• In one embodiment, the method can also include, before forming the conductive via, depositing an insulating dielectric layer coating an inner surface of the opening. The dielectric layer can separate and insulate the first metal layer and the second metal region from the substrate at least within the opening. In a particular embodiment, the second metal region can occupy at most 80% of a diameter of the opening in a lateral direction parallel to the front surface of the substrate. In an exemplary embodiment, the first metal layer can have a surface that conforms to a contour of an inner surface of the opening. In one embodiment, the method can also include forming a conductive contact exposed at the rear surface for interconnection with an external element. The conductive contact can be electrically connected with the first metal layer and the second metal region. In a particular embodiment, the method can also include, before forming the first metal layer, forming a barrier metal layer overlying the insulating dielectric layer. The barrier metal layer can be a metal different than the metals of the first metal layer and the second metal region. The first metal layer can be formed overlying the barrier metal layer.
  • In an exemplary embodiment, the first metal layer can include a portion overlying an axially facing surface of the second metal region. In one embodiment, the first metal layer can completely surround the second metal region. In a particular embodiment, the second metal region can be made of a porous metal and can include voids therein. In an exemplary embodiment, the second metal region can be formed by dendrite plating. In one embodiment, the method can also include depositing a dielectric layer overlying a top surface of the second metal region. In a particular embodiment, the method can also include, before forming the second metal region, depositing a foam or fibrous material overlying the first metal layer. The second metal region can be formed within open cells within the foam or fibrous material. In an exemplary embodiment, the method can also include, after forming the second metal region, removing the foam or fibrous material.
  • In accordance with still another aspect of the invention, a method of fabricating a component can include forming an opening extending from a rear surface of a substrate towards a front surface of the substrate remote therefrom, the opening defining an inner surface between the front and rear surfaces, and forming a conductive via within the opening including forming a metal region overlying the inner surface. The substrate can consist essentially of a material having a CTE less than 10 ppm/° C. The metal region can have cavities trapped therein.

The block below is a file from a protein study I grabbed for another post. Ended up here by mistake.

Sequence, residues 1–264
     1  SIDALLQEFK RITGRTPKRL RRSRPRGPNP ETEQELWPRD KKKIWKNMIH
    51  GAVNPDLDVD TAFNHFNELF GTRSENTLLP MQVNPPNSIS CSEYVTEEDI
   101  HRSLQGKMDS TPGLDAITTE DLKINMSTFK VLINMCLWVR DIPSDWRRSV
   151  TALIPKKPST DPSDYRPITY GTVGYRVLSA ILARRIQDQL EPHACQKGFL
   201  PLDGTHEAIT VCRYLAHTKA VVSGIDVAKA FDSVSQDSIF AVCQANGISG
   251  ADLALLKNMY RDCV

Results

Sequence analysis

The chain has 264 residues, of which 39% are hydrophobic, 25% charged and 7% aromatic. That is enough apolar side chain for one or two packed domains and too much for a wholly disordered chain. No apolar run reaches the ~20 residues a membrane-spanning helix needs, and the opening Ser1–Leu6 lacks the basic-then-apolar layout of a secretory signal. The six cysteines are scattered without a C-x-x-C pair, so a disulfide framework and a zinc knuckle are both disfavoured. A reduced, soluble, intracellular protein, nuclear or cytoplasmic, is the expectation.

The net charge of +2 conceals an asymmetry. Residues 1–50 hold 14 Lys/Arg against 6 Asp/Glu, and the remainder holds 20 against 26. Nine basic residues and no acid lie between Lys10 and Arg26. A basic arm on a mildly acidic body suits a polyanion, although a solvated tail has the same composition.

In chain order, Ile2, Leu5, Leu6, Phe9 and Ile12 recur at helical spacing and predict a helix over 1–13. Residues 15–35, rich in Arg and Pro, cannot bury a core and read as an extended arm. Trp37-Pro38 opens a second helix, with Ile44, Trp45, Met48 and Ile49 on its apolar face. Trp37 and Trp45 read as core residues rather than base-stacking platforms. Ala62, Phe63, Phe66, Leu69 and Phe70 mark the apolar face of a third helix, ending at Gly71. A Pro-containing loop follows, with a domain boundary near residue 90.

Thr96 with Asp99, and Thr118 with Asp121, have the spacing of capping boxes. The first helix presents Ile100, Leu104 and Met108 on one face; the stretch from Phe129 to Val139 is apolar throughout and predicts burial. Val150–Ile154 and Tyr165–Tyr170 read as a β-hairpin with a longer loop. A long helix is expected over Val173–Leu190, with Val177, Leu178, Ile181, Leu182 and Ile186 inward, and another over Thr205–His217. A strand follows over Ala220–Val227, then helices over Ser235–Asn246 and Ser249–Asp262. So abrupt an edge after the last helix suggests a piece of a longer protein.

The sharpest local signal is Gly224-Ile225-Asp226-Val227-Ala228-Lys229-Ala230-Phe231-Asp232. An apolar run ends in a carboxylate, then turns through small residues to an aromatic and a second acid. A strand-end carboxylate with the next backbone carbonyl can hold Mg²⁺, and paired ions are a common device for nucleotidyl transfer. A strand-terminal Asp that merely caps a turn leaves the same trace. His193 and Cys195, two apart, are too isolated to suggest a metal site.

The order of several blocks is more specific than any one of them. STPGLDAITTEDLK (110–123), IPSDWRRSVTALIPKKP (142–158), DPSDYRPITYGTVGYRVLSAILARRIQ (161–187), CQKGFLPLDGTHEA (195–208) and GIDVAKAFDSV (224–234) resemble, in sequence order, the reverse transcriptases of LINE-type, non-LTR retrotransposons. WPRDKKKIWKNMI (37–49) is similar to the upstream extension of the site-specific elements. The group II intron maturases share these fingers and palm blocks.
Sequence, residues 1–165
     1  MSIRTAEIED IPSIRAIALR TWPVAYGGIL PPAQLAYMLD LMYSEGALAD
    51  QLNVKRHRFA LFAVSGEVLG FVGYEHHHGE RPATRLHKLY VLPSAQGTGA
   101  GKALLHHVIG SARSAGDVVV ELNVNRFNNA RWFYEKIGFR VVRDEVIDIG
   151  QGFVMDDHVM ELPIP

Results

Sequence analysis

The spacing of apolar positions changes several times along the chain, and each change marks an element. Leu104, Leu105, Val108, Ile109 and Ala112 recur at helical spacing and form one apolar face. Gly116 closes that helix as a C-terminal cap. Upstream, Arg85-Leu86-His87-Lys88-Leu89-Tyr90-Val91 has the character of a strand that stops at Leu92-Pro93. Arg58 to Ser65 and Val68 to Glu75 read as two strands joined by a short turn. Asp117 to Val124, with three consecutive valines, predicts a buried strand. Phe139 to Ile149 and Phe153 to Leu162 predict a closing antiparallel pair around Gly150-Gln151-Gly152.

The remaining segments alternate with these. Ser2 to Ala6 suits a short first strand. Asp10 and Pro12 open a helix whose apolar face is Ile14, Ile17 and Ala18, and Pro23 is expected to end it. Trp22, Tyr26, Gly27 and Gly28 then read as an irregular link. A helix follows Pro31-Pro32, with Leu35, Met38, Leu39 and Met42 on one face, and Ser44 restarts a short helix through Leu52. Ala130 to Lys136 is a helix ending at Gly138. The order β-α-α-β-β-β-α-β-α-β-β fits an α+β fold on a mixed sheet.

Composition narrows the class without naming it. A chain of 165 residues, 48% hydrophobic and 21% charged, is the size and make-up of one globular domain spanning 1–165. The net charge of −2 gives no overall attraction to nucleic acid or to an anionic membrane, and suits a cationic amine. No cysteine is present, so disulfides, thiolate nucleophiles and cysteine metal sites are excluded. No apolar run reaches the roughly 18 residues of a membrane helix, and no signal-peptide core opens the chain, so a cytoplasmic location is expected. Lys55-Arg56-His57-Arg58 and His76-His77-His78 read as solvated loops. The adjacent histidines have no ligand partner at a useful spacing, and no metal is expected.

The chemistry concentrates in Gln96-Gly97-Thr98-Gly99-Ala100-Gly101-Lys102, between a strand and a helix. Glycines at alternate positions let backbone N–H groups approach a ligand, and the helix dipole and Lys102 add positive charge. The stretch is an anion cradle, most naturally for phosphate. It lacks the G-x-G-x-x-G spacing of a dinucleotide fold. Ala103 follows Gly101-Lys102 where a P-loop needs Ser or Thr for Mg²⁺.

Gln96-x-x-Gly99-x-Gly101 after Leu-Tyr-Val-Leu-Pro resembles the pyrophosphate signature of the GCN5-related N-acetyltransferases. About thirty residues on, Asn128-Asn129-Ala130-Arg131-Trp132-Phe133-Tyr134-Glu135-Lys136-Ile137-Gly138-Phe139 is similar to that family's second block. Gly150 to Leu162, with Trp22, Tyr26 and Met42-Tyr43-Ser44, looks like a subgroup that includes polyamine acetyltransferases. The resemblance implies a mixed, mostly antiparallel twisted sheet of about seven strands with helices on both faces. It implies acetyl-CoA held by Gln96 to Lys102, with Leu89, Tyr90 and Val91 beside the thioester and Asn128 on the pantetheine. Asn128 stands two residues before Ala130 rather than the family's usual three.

• In a particular embodiment, the step of forming the conductive via can also include, before forming the metal region, forming a barrier metal layer overlying the inner surface. The metal region can be formed overlying the barrier metal layer. The barrier metal layer can be a metal different than the metal of the metal region. In one embodiment, the metal region can be a first metal region and the barrier metal layer can be a first barrier metal layer. The step of forming the conductive via can also include, after forming the first barrier metal layer, forming a second metal layer overlying the first barrier metal layer and forming a third barrier metal layer overlying the second metal layer. The second metal region can be formed overlying the third barrier metal layer. In an exemplary embodiment, the method can also include forming a conductive contact exposed at the rear surface for interconnection with an external element. The conductive contact can be electrically connected with the first metal layer and the second metal region. In a particular embodiment, the method can also include, before forming the metal region, forming an insulating dielectric layer coating an inner surface of the opening. The dielectric layer can separate and insulate the conductive via from the substrate at least within the opening.
  • In accordance with another aspect of the invention, a method of fabricating a component can include forming an opening extending from a rear surface of a substrate to at least a bottom surface of one of a plurality of conductive pads exposed at a front surface of the substrate opposite the rear surface, forming a conductive via extending within the opening and electrically connected with the one of the conductive pads, and forming a recess extending a second distance from the front surface. The substrate can embody a plurality of active semiconductor devices therein adjacent the front surface and extending into the substrate by a first distance from the front surface. The substrate can consist essentially of a material having a CTE less than 10 ppm/° C. The conductive via can include a metal region being a metal having a CTE greater than 14 ppm/° C. The second distance can be greater than or equal to the first distance. The recess can have a maximum diameter less than a diameter of the conductive via.
  • In one embodiment, the recess can have a maximum diameter in a lateral direction parallel to the front surface of the substrate that is at least 50% of a diameter of the opening in the lateral direction. In a particular embodiment, the second distance can be between 0.2 and 10 microns. In an exemplary embodiment, the method can also include forming a barrier layer coating an exposed surface of the recess. The barrier layer can be a different metal than the metal of the conductive via.